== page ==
Walden, Womersley, and part of Cridling Stubbs. The name is spelt Wlmeresleia in the Record, but appears in the Domesday Recapitulation later on (which so frequently presents an amended orthography), as Wilmereslege. It was reported as having been in the preNorman times owned by Wege, who might indeed have been the Wiga of Whitley, the bordering township, (see note 51). Wege had in Womersley a taxable area of six carucates, capable of maintaining six ploughs, and of returning a royal revenue of £6. In the time of the Survey it had fallen to Ilbert de Lascy, who had 3 carucates in demesne, while 14 villanes and 4 bordars had 8 carucates. The revenue was £5. There was a priest and a church, and three acres of meadow. The whole area was one mile long and as much broad, half the manor being still woody pasture, a considerable proportion of which remains to this day in timber. As is frequent in this part of the wapentake, the church, church yard, and parsonage are a section of the Park, intimating that its owner was the church-founder. At the time of the 1378 Poll Tax, it produced in Womersley 37s. 6d. from 53 taxpayers, each being assessed at 4d., except one webster at 6d., and Matilda, widow of Thomas Newmarch, kt., who paid 208. There was a Margaret del Hill, a Thomas del Hill, a John atte Yate, and a Robert del Wood. Ilbert de Lascy had Womersley still in his own hands at the time of the foundation of St. Clement's Chapel, and made a grant from the tithes to the endowment; which he could not have done had not the manor been in his own domain.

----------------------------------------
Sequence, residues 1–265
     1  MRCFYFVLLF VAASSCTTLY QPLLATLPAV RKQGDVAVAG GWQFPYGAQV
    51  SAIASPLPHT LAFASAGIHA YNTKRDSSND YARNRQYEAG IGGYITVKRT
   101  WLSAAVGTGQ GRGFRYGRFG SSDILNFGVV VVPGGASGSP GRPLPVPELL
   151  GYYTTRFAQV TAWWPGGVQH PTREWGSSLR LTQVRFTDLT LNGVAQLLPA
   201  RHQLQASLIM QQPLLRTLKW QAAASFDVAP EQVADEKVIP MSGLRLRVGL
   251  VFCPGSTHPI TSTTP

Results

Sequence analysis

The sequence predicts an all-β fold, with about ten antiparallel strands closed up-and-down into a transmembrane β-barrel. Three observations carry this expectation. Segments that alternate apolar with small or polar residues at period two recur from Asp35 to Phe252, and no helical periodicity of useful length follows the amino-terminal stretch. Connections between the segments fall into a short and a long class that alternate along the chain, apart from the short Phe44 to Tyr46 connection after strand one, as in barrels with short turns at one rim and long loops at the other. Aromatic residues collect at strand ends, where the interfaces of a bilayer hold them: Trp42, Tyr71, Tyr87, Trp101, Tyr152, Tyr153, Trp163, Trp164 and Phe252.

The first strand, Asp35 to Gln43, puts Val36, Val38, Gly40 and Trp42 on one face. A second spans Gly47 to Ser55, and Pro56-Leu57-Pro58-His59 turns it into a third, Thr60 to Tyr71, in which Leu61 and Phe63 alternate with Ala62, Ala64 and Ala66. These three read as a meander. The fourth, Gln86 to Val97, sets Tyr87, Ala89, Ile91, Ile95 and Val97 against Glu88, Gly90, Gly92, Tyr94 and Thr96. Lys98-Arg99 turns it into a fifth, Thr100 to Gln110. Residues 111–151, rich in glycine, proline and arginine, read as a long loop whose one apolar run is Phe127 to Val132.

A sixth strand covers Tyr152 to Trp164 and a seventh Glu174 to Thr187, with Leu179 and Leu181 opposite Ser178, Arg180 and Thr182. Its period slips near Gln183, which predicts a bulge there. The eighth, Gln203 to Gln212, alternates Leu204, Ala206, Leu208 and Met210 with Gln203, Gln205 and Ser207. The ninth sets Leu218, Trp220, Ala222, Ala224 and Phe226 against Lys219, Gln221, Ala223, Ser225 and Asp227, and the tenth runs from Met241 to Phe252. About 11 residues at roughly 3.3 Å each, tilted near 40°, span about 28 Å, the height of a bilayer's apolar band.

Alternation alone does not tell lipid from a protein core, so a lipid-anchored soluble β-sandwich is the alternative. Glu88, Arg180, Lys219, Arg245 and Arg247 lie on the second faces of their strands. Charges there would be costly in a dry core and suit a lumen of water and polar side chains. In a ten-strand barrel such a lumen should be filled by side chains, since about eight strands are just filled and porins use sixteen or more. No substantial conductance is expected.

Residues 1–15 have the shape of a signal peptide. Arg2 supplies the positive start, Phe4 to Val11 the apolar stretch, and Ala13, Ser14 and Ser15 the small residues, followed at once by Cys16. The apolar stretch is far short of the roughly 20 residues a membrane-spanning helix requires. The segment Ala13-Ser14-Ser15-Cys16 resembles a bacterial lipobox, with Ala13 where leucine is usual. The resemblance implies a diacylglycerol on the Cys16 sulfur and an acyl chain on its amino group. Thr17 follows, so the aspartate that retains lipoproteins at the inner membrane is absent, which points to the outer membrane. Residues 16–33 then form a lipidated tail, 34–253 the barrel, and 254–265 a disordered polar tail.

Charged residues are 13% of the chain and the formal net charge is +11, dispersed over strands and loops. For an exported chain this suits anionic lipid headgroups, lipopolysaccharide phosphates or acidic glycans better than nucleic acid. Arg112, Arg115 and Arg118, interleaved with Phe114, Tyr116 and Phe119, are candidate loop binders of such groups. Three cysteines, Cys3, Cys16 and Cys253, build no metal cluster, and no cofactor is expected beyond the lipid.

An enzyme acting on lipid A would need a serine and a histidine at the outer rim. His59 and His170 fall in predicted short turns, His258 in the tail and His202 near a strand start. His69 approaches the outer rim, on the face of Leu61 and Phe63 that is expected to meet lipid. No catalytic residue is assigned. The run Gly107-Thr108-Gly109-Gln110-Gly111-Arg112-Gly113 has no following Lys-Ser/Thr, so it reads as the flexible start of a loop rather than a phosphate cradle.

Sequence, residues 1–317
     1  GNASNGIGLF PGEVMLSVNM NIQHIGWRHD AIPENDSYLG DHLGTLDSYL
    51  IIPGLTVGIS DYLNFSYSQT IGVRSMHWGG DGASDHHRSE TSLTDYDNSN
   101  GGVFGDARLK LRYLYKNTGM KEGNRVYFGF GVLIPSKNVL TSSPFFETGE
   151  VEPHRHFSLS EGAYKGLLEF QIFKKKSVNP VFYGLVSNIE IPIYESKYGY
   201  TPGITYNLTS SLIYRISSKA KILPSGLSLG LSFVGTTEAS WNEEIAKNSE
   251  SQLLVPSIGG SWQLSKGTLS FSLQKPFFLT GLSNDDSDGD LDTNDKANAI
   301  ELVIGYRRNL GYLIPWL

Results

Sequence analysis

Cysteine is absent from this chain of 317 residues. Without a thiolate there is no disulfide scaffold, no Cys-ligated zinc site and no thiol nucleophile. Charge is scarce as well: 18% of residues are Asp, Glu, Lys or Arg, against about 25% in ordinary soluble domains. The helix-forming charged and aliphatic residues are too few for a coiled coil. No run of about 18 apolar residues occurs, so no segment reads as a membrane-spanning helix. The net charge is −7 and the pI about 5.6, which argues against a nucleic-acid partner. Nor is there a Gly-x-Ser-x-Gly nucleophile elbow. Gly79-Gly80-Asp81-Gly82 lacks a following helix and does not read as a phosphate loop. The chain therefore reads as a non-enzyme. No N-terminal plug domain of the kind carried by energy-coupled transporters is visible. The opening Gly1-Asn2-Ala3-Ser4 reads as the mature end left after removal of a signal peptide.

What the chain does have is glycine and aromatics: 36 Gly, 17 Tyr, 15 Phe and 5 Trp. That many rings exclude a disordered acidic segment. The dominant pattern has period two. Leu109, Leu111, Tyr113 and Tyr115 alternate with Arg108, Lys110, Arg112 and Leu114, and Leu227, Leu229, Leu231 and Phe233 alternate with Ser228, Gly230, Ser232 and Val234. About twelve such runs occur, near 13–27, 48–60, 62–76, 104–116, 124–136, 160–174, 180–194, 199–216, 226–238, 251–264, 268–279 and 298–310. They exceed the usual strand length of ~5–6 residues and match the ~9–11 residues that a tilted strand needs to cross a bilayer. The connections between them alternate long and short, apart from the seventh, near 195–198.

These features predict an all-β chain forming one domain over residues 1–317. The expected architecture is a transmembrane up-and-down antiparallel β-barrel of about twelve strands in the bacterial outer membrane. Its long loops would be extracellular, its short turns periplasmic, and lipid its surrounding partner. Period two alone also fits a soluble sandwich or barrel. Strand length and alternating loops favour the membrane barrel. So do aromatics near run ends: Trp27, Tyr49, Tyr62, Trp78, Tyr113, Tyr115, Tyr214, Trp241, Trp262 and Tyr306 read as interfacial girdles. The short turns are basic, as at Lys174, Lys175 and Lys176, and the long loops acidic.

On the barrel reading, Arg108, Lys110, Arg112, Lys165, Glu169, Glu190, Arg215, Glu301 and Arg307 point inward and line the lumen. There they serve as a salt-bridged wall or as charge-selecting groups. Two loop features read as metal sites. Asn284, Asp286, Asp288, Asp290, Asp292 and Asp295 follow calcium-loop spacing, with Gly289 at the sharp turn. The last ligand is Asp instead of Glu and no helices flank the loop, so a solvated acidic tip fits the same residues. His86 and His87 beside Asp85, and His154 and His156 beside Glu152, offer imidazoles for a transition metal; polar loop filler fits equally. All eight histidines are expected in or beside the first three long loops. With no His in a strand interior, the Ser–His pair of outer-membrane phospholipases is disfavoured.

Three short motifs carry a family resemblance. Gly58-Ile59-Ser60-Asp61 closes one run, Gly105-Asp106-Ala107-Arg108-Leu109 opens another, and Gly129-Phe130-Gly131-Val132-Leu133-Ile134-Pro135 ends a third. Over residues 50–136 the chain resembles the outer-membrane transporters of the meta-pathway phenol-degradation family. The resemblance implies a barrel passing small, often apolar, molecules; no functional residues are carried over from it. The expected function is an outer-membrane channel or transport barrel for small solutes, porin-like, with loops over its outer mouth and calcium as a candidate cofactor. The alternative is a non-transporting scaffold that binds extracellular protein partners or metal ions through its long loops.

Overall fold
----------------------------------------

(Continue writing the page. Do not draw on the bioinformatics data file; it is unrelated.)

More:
Out of John Roman's Register, fo. 12.

[vol. 127] 105 Adam de Novo Mercato p'sents to ye Church o Wilmersley 1287, 16 Ed. 1.

ibm. fo. 17 bis.

[vol. 127] 110 Adam de novo mercato patron of ye Church o Wilmersley 1287.

Fines A° 19 Ed. 1 [1290].

[vol. 127] 136 Between William le Vavasour & Nicholaa his wife, complt, & William de Cevrehunt [Cestrehunt (Dodsworth)] & Elizabeth his wife disturber, of the manns of Womersley & Routhcliffe [Rawcliff].

Fines 34 Ed. 1 [1306].


[vol. 127] 137 Between Gilbert de Stapleton, comp1t, & John de Novo mercato & Avicia his wife, disturber, of one messuage with ye Appurtnances in Wilmersley. To ye right heires of John & Auicia.

Womersley Church 12 July, 1621.58

M [vol. 160] 151 Jn the Quire East window. (Montacute) Ar. 3 fusills in fesse, g.


South Window.

[Mowbray] g. a lion rampt. Ar.

[Newmarch] g. 5 fusills in fesse, or.

Vnder the North wall.

[Newmarch (Dodsworth)] A Knight in Mayle Cross legged, on his sheeld 5 fusills in fesse. 59